Beneath an elegant office building with a Spanish-style red tiled roof in Pasadena, California, three timeworn storerooms safeguard more than a century of astronomy. Down the stairs and to the right is a basement of wonder. There are countless wooden drawers and boxes, stacked floor to ceiling, with telescope plates, sunspot drawings and other records. A faint ammonia-like smell, reminiscent of old film, fills the air. […]Read More

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Neutron star merger confirms decades of predictions

On Aug. 17, the Laser Interferometry Gravitational-Wave Observatory (LIGO) detected the fifth fingerprint of a massive disturbance in spacetime since LIGO began operations in September 2015. Unlike the first four sets of ripples, which reflected collisions between two black holes, the shape of these spacetime distortions suggested a collision between two neutron stars. […]Read More

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Study of W Hydrae suggests condensed aluminum oxide dust plays key role in accelerating stellar wind

(Phys.org)—A team of researchers affiliated with several institutions in Japan has found evidence showing that condensed aluminum oxide dust surrounding the star W Hydrae plays a key role in accelerating the stellar wind. In their paper published on the open access site Science Advances, the team describes their study of the star and the gases that surround it. […]Read More

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Atmospheric beacons guide NASA scientists in search for life

Some exoplanets shine brighter than others in the search for life beyond the solar system. New NASA research proposes a novel approach to sniffing out exoplanet atmospheres. It takes advantage of frequent stellar storms—which hurl huge clouds of stellar material and radiation into space—from cool, young dwarf stars to highlight signs of habitable exoplanets. […]Read More

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New white paper maps the very real risks that quantum attacks will pose for Bitcoin

Combining expertise in quantum technologies and cryptography, researchers have been projecting future dates that quantum computers could jeopardise the security of current cryptocurrencies, a market now worth over USD $150 billion, and assessing countermeasures to such attacks. […] Read More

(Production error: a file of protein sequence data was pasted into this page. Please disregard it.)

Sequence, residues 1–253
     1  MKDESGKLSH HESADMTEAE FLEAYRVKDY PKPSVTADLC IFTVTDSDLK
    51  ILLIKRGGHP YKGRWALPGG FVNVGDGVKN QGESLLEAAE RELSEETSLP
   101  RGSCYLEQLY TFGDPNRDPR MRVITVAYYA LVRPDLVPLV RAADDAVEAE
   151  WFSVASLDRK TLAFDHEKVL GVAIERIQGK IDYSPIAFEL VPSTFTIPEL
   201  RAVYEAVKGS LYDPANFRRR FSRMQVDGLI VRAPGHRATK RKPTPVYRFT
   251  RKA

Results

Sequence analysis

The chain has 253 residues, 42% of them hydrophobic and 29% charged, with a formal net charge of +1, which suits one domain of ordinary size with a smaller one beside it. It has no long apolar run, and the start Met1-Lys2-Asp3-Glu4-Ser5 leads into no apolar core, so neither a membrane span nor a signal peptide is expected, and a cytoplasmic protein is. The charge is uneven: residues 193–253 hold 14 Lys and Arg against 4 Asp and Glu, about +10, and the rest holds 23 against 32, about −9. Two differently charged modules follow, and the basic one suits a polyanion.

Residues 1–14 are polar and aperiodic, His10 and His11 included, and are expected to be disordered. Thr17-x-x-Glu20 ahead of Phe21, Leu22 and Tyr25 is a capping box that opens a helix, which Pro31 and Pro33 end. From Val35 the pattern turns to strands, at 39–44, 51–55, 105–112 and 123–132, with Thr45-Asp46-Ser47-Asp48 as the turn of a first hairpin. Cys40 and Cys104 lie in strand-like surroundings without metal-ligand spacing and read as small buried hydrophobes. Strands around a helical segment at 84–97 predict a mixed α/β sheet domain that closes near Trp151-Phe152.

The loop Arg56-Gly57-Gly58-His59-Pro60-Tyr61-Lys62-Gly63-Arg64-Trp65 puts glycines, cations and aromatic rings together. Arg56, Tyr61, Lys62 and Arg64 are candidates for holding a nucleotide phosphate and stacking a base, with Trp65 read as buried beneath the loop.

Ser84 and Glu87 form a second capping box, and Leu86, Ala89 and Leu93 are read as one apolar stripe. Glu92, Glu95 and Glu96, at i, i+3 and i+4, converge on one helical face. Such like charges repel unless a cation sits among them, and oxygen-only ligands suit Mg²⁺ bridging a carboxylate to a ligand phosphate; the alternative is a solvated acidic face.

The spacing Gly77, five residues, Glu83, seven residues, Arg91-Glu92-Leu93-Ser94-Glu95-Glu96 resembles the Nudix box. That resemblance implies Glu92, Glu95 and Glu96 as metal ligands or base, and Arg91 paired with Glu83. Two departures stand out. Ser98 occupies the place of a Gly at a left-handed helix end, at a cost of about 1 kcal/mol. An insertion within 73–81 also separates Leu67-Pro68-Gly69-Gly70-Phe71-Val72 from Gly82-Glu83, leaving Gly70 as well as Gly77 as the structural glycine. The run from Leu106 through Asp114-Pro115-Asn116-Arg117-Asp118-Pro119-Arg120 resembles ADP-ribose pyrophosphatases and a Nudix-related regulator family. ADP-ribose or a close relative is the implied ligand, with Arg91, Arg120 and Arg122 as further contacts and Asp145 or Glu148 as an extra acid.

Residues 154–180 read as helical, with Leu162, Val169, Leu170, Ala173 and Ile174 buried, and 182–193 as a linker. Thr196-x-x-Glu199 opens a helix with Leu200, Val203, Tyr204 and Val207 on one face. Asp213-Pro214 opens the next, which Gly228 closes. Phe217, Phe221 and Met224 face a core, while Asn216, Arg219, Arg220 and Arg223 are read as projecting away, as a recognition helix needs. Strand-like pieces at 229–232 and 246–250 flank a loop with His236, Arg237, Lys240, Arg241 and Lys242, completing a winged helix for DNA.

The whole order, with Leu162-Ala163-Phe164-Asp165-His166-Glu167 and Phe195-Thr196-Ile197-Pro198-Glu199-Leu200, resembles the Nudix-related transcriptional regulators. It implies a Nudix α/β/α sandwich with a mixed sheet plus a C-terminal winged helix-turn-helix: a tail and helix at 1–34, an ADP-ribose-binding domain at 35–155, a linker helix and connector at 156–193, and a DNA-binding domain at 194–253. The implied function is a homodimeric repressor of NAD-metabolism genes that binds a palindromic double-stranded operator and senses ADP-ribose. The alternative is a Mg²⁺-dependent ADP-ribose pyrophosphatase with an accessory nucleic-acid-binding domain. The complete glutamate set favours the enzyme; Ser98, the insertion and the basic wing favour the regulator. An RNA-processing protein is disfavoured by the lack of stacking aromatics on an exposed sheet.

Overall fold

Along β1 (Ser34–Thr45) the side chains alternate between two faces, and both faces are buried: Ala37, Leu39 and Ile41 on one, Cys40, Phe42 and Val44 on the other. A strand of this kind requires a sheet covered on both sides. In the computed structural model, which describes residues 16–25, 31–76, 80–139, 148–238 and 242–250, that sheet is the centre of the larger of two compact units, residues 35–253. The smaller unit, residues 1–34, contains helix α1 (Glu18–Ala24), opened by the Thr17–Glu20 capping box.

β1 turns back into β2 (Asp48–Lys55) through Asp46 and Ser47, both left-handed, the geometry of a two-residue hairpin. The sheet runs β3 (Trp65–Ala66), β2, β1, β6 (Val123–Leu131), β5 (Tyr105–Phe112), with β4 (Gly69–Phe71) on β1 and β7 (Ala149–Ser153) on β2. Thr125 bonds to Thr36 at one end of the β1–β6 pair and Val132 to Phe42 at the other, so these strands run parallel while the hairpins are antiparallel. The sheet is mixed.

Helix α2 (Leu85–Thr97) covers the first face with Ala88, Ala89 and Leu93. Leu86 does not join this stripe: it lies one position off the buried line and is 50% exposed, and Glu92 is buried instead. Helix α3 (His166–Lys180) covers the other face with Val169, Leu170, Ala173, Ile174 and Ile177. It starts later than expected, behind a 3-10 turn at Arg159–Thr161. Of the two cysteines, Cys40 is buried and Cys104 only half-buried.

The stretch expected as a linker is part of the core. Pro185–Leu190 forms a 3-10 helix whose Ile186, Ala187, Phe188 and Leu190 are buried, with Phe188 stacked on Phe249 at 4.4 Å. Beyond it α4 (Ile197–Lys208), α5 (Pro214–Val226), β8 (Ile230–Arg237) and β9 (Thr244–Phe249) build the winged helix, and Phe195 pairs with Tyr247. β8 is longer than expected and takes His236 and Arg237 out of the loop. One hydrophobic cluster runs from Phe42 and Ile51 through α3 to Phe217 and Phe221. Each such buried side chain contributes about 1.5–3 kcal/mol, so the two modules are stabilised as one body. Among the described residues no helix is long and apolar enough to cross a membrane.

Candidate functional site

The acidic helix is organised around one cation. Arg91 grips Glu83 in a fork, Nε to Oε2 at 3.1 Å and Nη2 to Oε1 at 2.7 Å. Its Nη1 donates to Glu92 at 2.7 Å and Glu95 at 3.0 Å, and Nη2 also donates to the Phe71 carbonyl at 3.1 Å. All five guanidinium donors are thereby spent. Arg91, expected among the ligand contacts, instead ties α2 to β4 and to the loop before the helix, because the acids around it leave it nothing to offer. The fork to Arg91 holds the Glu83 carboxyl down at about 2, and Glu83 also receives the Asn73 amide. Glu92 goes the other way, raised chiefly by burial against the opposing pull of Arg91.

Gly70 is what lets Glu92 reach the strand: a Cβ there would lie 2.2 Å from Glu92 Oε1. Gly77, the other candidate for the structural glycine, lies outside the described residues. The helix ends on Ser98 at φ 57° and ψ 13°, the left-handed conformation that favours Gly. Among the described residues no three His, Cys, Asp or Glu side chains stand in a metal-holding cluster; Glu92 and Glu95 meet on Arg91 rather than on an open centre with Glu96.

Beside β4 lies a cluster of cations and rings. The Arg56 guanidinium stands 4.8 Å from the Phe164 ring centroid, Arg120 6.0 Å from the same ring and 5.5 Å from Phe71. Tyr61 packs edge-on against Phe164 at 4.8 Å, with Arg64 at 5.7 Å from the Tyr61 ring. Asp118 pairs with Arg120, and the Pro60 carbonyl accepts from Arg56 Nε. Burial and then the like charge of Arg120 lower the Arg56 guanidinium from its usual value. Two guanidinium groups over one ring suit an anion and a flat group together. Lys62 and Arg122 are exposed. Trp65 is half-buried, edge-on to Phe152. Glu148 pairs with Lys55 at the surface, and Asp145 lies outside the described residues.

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A bit of a ‘quantum magic trick’—experiment shows how to speed up frequency measurement

An accurate analog clock tick-tick-ticks with a constant precision and well known frequency: one tick per second. The longer you let it tick, the better to test its accuracy —10 times as long corresponds to a ten-fold improvement in any frequency uncertainty. But is there a faster way to determine a frequency? […] Read More

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A bit of a ‘quantum magic trick’: Experiment shows how to speed up frequency measurement

Is there a faster way to determine a frequency? It turns out there is. […] Read More

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Electrostatic force takes charge in bioinspired polymers

Scientists have taken the first steps toward gaining control over the self-assembly of synthetic materials in the same way that biology forms natural polymers. […] Read More

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Honey, I shrunk the features for low-cost, flexible, large-area electronics

Exploiting reversible solubility allows for direct, optical patterning of unprecedentedly small features. […] Read More